In the meantime, we continue to see stunts that challenge Facebook's conflicting policies. A political action committee has incorrectly purchased an advertisement stating that Senator Lindsay Graham supported the Green New Deal (if only); Facebook did it. And a Californian man on Monday paperwork submitted to the governor with the express intention of using his status as a candidate to display fake political advertisements on Facebook. Donie O & # 39; Sullivan reported:

Hampton told CNN Business that he will use his new status as a candidate to post fake ads on Facebook about President Trump, Facebook CEO Mark Zuckerberg, and other Facebook executives. He also said he plans to show fake ads on Facebook about Twitter executives, who also have a policy of not checking ads run by candidates.

His goal is to force Facebook to stop allowing politicians to display fake ads.


Which argument will ultimately bear the day? Probably the one who helps Facebook grow the most, as Charlie Warzel argued a very necessary part during the weekend:

Because Mr. Zuckerberg is currently one of the most powerful people in politics – and because the stakes feel so high – there is a desire to give him a political label. That is understandable, but largely beside the point. Mark Zuckerberg may well have political beliefs. And every action has political consequences. But he is not a republican or democrat in how he uses his power. The only real political conviction of Mr. Zuckerberg is that he is the director of Facebook. His only consistent ideology is that connectivity is a universal good. And his only consistent goal is to promote that ideology at almost any price.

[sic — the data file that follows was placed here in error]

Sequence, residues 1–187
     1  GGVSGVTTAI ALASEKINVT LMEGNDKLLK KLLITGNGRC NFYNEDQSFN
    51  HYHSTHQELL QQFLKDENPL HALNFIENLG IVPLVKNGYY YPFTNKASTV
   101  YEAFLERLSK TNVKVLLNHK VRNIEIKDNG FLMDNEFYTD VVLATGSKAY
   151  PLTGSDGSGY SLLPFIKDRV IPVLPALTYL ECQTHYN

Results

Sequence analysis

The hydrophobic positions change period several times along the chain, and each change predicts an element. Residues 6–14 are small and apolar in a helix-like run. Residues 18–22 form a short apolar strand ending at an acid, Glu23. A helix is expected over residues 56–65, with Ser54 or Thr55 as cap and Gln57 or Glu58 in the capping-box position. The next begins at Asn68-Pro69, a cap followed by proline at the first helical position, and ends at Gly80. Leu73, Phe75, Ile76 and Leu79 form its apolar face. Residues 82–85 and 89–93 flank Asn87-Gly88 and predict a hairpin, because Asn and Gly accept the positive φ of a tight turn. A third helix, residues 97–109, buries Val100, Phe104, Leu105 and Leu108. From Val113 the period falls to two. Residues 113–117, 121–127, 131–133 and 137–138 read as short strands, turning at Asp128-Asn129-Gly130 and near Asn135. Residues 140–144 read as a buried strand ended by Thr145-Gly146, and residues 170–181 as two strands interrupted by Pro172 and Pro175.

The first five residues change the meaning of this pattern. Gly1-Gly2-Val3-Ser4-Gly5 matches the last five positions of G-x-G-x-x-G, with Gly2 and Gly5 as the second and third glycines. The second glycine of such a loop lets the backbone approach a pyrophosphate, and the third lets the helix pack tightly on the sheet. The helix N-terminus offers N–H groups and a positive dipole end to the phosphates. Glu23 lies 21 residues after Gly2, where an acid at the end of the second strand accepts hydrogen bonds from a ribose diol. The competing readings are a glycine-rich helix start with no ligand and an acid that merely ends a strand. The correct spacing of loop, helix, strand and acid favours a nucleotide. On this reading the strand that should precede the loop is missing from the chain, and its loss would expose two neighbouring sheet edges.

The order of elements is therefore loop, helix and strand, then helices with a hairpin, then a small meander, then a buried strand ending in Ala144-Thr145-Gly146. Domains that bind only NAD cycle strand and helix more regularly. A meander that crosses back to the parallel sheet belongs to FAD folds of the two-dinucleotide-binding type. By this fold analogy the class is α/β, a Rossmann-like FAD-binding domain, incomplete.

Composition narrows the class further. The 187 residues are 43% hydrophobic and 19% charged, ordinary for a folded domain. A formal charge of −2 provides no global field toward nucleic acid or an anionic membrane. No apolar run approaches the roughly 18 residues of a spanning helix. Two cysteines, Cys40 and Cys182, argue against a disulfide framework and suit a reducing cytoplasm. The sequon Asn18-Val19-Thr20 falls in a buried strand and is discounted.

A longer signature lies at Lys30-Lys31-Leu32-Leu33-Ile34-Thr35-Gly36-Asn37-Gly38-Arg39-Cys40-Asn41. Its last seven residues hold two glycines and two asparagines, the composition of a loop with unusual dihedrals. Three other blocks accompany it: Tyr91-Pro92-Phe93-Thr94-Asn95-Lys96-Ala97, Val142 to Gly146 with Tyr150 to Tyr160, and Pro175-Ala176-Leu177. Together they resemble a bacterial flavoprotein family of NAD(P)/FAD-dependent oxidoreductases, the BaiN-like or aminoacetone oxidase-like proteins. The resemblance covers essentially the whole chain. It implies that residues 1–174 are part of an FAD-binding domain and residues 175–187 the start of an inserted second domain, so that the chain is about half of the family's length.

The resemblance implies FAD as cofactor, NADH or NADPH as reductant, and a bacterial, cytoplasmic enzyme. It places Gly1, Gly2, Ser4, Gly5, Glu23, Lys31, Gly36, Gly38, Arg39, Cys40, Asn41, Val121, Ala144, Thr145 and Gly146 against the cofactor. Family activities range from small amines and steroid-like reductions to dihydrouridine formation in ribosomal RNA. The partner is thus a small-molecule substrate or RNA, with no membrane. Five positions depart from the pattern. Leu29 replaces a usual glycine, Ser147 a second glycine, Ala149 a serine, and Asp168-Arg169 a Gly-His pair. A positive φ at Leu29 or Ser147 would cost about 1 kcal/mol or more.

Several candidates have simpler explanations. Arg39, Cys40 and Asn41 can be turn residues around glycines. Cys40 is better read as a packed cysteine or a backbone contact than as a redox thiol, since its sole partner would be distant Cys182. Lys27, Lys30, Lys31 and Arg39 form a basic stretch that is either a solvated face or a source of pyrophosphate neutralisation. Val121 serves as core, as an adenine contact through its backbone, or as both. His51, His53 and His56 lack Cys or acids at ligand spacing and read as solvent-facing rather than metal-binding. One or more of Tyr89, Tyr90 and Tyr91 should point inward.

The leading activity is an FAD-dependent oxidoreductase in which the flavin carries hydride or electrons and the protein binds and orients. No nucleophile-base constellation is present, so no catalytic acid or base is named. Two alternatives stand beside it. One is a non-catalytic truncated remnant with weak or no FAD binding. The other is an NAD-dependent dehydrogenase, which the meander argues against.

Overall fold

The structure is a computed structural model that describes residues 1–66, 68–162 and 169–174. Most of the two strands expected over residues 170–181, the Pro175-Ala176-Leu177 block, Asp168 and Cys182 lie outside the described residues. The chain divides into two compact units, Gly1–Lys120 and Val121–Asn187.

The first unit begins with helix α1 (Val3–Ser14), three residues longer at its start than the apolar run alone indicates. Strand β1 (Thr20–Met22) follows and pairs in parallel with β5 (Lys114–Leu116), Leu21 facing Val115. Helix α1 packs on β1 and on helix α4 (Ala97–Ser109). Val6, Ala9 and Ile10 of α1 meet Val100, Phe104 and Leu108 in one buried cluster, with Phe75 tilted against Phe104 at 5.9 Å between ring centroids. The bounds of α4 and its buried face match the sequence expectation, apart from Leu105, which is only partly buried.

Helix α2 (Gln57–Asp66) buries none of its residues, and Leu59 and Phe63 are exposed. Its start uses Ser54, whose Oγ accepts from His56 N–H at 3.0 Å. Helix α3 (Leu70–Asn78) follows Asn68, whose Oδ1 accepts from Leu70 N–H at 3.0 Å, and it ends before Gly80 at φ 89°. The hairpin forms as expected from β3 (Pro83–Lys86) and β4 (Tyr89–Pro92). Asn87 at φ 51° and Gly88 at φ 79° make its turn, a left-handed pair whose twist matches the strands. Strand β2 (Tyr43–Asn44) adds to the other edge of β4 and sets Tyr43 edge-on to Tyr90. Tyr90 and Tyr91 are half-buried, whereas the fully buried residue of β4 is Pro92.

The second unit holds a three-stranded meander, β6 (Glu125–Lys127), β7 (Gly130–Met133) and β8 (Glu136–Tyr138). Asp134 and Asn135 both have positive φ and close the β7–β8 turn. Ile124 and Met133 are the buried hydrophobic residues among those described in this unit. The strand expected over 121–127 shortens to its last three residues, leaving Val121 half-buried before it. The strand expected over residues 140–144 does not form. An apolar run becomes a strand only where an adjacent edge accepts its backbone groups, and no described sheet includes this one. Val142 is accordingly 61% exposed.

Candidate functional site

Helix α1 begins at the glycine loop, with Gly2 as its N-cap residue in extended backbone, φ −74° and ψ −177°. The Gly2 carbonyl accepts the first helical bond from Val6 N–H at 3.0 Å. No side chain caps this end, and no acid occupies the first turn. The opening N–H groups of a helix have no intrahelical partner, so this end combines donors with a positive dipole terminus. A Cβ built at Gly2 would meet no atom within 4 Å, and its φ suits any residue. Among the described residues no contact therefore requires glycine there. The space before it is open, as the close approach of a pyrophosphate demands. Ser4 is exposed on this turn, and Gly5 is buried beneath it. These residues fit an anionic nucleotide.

Critics who want Breitbart to disappear from the News tab or lies to disappear from advertisements by politicians should probably start by arguing that Facebook is growing faster without them.

Elsewhere: A history of Facebook's poor handling of publishers; a product-oriented argument that Facebook News is too little, too late.

The ratio

Today in news that can influence the public perception of the major technological platforms.

Trending up Instagram has extended the prohibition of self-damaging content to drawings and cartoons. The move came in response to public outrage over the death of teenager Molly Russell, who committed suicide after viewing graphic content on the platform.


Popular: Facebook ads removed from a proTrump super PAC that used scare tactics in an attempt to obtain voter data. The ads were aimed at people in Arizona.

Trending sideways: Judd Legum has a network of Facebook pages that exist solely to promote the right-hand site The daily caller, sometimes use misleading labels, but Facebook says it doesn't qualify as & # 39; coordinated mock behavior & # 39 ;, says Evelyn Douek it is part of a greater legitimacy crisis about the meaning of that term.

Trending down: Facebook & # 39; s Efforts to remove misinformation caused by vaccination have been inconsistent and in some cases the company has removed ads for free vaccinations.

Trending down: Facebook also asked a public health organization to register as a political advertiser to campaign for the promotion of PrEP, a drug that greatly reduces HIV transmission.


Microsoft won a $ 10 billion contract from the Department of Defense, to beat Amazon in a month long struggle over who would provide cloud computing services to the military. Kate Conger, David E. Sanger and Scott Shane at The New York Times have the story: